Vision for Class of 2020

Some perspective in the midst of senior year tragedy

Rachel Lechwar

Corona has deprived us of our senior year. All these memories we have looked forward to since freshman year, all of them have been cancelled. What did we do to deserve this? Don’t we deserve to receive something for our years of hard work?

These thoughts have flashed through every senior’s brain at once point or another. Watching the days of scheduled events pass while locked in our homes hardly feels suitable for the rush we anticipated for this time in our lives. But has senior year truly been ruined?

Many may be inclined to say yes, even though there is nothing we can do about it anymore. But, I think it is all a matter of perspective. Though we may never have our gradbash or prom or musical or even graduation, we are not the first to experience a life-shifting alteration. From World Wars to internment camps to other global crises, senior years and lives have been shaken before. Our class will be memorialized in history, and don’t we want to look back and be one who remained strong and appreciated what we did have rather than longing for what we did not?

It feels difficult right now to ignore the gaping hole in our year, but if COVID-19 has taught us anything, it is that we must never take life for granted. We assumed we would have a picture-perfect senior year just as we often assume life will grant us as many days as we want. The Class Of 2020 has learned that is far from the truth.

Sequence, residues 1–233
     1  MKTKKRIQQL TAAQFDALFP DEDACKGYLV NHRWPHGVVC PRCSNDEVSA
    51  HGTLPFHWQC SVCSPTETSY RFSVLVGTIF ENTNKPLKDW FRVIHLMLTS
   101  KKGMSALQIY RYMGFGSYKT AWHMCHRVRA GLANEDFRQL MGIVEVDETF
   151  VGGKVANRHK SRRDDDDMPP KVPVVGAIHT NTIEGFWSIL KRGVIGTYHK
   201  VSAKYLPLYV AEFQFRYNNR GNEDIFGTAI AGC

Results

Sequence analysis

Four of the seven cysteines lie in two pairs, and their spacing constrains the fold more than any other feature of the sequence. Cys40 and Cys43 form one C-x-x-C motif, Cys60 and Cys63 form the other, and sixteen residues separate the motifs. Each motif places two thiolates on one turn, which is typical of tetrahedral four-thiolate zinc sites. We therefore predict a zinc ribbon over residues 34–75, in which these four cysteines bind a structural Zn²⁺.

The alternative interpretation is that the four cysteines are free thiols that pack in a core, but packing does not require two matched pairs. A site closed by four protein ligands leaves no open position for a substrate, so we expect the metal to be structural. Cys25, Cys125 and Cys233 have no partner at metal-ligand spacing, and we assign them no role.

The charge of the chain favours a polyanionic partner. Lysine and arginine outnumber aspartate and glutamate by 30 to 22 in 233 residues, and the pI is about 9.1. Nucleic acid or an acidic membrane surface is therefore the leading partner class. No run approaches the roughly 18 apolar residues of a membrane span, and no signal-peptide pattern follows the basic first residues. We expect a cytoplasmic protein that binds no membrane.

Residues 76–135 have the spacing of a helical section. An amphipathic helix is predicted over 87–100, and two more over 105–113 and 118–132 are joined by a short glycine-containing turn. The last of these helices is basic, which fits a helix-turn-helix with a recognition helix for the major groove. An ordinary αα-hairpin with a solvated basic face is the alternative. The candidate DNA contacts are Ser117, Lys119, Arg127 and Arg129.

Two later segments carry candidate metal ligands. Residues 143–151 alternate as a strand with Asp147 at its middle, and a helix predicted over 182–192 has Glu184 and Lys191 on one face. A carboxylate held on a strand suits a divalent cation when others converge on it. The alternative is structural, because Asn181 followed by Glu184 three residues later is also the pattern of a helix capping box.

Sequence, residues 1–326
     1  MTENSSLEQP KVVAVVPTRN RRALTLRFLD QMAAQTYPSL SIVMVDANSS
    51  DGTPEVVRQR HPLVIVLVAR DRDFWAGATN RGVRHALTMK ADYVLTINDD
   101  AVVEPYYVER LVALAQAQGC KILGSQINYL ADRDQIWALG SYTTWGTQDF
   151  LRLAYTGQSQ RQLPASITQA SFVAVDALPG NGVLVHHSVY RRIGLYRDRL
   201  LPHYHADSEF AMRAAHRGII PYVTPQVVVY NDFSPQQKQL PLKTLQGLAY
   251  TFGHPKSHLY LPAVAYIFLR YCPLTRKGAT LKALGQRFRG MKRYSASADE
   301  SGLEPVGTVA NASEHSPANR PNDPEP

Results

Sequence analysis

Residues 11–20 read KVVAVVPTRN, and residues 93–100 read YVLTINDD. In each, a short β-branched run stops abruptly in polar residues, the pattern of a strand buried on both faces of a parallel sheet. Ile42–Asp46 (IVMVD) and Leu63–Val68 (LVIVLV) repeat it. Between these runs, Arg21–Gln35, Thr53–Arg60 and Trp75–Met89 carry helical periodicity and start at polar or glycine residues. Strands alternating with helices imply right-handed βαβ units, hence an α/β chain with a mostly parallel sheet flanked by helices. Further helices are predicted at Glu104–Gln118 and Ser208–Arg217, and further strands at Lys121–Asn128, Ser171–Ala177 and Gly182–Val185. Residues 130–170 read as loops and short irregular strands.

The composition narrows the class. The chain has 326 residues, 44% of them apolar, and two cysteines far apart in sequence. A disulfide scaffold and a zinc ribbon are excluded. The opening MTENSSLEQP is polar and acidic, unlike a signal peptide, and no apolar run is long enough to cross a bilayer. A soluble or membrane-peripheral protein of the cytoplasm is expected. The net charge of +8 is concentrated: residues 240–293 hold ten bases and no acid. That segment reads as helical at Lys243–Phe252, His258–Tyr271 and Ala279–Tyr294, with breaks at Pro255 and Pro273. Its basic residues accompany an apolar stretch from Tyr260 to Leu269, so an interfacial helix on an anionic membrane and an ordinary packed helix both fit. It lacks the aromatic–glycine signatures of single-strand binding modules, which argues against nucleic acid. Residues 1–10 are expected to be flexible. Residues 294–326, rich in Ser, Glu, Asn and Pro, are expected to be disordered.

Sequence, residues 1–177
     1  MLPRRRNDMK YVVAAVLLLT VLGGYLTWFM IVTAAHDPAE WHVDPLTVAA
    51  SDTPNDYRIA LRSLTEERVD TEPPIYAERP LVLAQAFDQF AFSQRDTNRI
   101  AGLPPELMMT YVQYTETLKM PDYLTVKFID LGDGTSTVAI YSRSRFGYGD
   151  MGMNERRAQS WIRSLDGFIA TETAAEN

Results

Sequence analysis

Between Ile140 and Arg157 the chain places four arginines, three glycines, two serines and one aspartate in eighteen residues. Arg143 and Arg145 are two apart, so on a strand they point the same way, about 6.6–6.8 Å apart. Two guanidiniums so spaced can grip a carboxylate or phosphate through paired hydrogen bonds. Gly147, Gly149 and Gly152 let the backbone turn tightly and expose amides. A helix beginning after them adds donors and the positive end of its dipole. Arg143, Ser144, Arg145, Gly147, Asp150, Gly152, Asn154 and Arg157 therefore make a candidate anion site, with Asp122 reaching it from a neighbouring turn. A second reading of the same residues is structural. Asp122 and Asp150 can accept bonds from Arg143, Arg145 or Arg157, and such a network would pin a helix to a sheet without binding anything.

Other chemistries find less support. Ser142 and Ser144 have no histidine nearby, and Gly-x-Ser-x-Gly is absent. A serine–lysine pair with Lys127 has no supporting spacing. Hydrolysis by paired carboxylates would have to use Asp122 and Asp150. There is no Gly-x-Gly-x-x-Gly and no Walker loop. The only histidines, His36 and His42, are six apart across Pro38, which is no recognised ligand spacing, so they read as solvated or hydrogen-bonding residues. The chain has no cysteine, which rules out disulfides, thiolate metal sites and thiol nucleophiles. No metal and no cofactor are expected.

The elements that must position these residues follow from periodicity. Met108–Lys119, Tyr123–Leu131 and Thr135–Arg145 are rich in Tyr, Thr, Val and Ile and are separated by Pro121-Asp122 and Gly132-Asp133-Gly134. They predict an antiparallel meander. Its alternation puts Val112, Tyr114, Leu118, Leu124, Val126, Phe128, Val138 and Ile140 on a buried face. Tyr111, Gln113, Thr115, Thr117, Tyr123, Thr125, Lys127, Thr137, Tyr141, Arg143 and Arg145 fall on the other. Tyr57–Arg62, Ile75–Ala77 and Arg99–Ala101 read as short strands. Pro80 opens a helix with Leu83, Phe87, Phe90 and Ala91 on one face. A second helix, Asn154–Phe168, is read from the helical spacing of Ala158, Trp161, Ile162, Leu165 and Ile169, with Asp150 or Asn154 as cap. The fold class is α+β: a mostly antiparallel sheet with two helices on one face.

It took me a few days to get over the impact of this virus and the damage it left on my hopes for senior year. Now, I’m learning to enjoy the added free time to spend time with my family, read, write and slow down a bit. As seniors, it feels like we are always looking ahead at what our futures may hold, but sometimes, it is nice to simply exist in the present. We could see it as an endless stretch of boredom and lack of social interaction, or we could see it as a chance to reflect. We are lucky to live in a digital age in which friends may be a FaceTime call away.

Ultimately, we must remember that COVID-19 is bigger than just us. It is affecting more than just us. The world is united in this fight against this disease, and we should be too. The rising death tolls are enough to wash a wave of anxiety over our heads, but it allows us to realize the scope of this issue and the precious value of life. COVID-19 has stolen thousands of lives, but it cannot take away our perspective if we refuse to let the depression control us.

This is not to say we should ignore the sadness. We are justified in mourning the loss of all these events. We deserve to feel the pain, but it becomes unhealthy when we simply sit in it. It feels like the stages of grief, and some of us have shifted from shock to sadness to numbness. Let us continue into acceptance, and let us realize that we will all overcome this together. Everyone in the world is feeling some degree of the same pain, anxiety, depression. Once we look outside ourselves and see this, we will realize that it was always bigger than just our senior year.